Dances with Wolves (4-Nov-1990)|
Director: Kevin Costner
Writer: Michael Blake
From novel: Dances with Wolves by Michael Blake
Music Composed and Conducted by: John Barry
Producers: Jim Wilson; Kevin Costner
Keywords: Outdoor Adventure, Civil War
After an act of heroism on the battlefield, Lt. John Dunbar elects to be transferred to a remote western outpost. He finds himself alone, surrounded by the wilds and unfriendly Sioux. Over time he earns acceptance and adoption by the tribe, a situation viewed dimly by other white men. Won 7 Oscars including Best Picture, Best Director, Best Cinematography, Best Screenplay and Best Score; received nominations for 5 others including Best Actor and Best Supporting Actor and Actress. Entered 2007 into the National Film Registry.
|Kevin Costner|| ... Lt. Dunbar|
|Mary McDonnell|| ... Stands With A Fist|
|Graham Greene|| ... Kicking Bird|
|Rodney A. Grant|| ... Wind In His Hair|
|Floyd Red Crow Westerman|| ... Ten Bears|
|Tantoo Cardinal|| ... Black Shawl|
|Jimmy Herman|| ... Stone Calf|
|Charles Rocket|| ... Lt. Elgin|
|Robert Pastorelli|| ... Timmons|
|Larry Joshua|| ... Sgt. Bauer|
|Tony Pierce|| ... Spivey|
|Tom Everett|| ... Sgt. Pepper|
|Maury Chaykin|| ... Maj. Fambrough|
|Nathan Lee Chasing His Horse|| ... Smiles A Lot|
|Michael Spears|| ... Otter|
|Jason R. Lone Hill|| ... Worm|
|Doris Leader Charge|| ... Pretty Shield|
|Kirk Baltz|| ... Edwards|
|Wayne Grace|| ... Major|
|Donald Hotton|| ... Gen. Tide|
|Annie Costner|| ... Christine|
|Conor Duffy|| ... Willie|
|Elisa Daniel|| ... Christine's Mother|
|Percy White Plume|| ... Big Warrior|
|John Tail|| ... Escort Warrior|
|Steve Reevis|| ... Sioux #1 / Warrior #1|
|Sheldon Wolfchild|| ... Sioux #2 / Warrior #2|
|Wes Studi|| ... Toughest Pawnee|
|Buffalo Child|| ... Pawnee #1|
|Clayton Big Eagle|| ... Pawnee #2|
|Richard Leader Charge|| ... Pawnee #3|
|Redwing Ted Nez|| ... Sioux Warrior|
|Marvin Holy|| ... Sioux Warrior|
|Raymond Newholy|| ... Sioux Courier|
|David J. Fuller|| ... Kicking Bird's Son|
|Ryan White Bull|| ... Kicking Bird's Eldest Son|
|Otakuye Conroy|| ... Kicking Bird's Daughter|
|Maretta Big Crow|| ... Village Mother|
|Steve Chambers|| ... Guard|
|William H. Burton|| ... General's Aide|
|Bill W. Curry|| ... Confederate Cavalryman|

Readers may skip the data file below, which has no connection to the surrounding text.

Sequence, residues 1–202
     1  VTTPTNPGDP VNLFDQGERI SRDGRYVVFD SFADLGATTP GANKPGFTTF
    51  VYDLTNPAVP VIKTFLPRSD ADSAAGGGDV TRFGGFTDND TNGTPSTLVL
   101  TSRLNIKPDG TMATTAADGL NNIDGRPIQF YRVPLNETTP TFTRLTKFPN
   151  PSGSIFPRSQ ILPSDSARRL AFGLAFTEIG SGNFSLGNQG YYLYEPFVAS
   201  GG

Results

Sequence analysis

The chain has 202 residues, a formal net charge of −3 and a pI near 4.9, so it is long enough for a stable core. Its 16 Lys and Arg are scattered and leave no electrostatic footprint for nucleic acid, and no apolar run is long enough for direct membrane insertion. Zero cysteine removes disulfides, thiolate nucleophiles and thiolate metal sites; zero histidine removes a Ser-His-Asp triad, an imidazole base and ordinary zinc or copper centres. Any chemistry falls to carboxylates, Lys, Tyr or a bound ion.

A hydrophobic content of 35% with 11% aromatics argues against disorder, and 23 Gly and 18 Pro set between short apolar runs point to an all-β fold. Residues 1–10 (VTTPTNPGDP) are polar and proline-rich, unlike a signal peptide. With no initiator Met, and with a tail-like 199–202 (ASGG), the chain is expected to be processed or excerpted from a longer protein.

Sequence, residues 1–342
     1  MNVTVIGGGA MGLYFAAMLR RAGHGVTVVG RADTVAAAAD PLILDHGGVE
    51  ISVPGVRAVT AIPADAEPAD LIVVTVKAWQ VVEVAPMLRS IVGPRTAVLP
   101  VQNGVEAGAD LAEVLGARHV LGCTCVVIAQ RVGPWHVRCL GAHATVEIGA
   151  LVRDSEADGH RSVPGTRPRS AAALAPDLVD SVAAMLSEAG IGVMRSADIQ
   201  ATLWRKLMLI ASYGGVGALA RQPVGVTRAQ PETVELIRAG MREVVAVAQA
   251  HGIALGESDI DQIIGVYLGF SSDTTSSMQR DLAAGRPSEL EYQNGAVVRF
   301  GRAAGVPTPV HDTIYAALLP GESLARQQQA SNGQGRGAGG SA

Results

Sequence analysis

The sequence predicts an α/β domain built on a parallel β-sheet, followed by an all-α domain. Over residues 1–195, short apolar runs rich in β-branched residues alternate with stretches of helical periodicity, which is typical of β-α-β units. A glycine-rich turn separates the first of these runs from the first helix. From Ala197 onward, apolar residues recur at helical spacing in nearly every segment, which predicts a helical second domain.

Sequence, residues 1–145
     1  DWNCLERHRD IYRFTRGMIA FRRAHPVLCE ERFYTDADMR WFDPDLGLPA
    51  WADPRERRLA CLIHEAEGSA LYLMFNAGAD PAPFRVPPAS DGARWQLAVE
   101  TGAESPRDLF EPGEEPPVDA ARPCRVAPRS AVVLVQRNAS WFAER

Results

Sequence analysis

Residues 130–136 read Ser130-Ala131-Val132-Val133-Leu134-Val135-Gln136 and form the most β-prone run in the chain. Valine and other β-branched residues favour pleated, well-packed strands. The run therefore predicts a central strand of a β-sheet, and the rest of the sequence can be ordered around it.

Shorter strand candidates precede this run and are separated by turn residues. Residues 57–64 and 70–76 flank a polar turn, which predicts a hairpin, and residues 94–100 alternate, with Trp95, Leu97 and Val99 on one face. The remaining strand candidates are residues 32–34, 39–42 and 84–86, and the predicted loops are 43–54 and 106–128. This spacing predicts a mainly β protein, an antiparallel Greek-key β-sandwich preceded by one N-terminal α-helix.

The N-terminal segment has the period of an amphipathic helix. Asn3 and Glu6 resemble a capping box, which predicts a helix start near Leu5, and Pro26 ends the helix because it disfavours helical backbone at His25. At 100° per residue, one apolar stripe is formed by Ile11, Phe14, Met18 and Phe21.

|Nick Thompson|| ... Confederate Soldier|
|Carter Hanner|| ... Confederate Soldier|
|Kent Hays|| ... Wagon Driver|
|Robert Goldman|| ... Union Soldier|
|Frank P. Costanza|| ... Tucker|
|James A. Mitchell|| ... Ray|
|R. L. Curtin|| ... Ambush Wagon Driver|
|Justin|| ... Cisco|
|Teddy & Buck|| ... Two Socks|
Review by Caitie (posted on 8-Oct-2008)
I am a teacher of the Lakota language, and it was this film that first got me interested. I am adopted into a Lakota family now but am an Irish American from the East Coast, so I have learned much about the Lakota since this film came out.
Although the Lakota is not spoken well (none of the principal cast was a Lakota speaker and it is a difficult language to master), this movie provides me with a valuable teaching tool.
The film is 'Anglicized' in parts (i.e. there were no plural marriages shown, which were common among the Plains tribes back then; the very "Christian" look of the wedding scene with the bride being escorted to the groom's tent, etc..no such fuss was made in reality; the marriage was agreed upon, a bride price was paid, and the lovers were then considered married without a formal ceremony involving the entire village), this was the first 'fly on the wall' insight into Lakota life and this movie did more to undo negative stereotypes of the Lakota than anything that had been made before.
Kudos to Costner for insisting on his character learning Lakota and having the Sioux people speak their own language rather than 'magically' being fluent in English, and to using American and Canadian native people in the film rather than using white people playing indians, as had been done so much in the past.
Kudos also to the entire look and feel of the movie, so that we could see the basic humanity that all human beings share. Unfortunately, the rampant bigotry in South Dakota against the Lakota is still in full force, but this film..for a short time, at least..helped to bridge that gap a bit and holds up today as an excellent portrait of a once-proud culture that, in many ways, was far more balanced and harmonious than white culture ever will be.
This is a 'must see' on an historical level as well as an entertainment level, and it deserved the Oscar for Best Picture of 1990. Truly a masterpiece and a personal best for Kevin Costner in his insight and his courage in insisting on making the film he wanted us to see and not knuckling under to studio pressure to lose the language and subtitles, which would have given us a much less effective and realistic film.
Kevin, lila washte echanu ca heun ichantewashtemayakiye kshto!
Do you know something we don't?
Submit a correction or make a comment about this profile
Copyright ©2013 Soylent Communications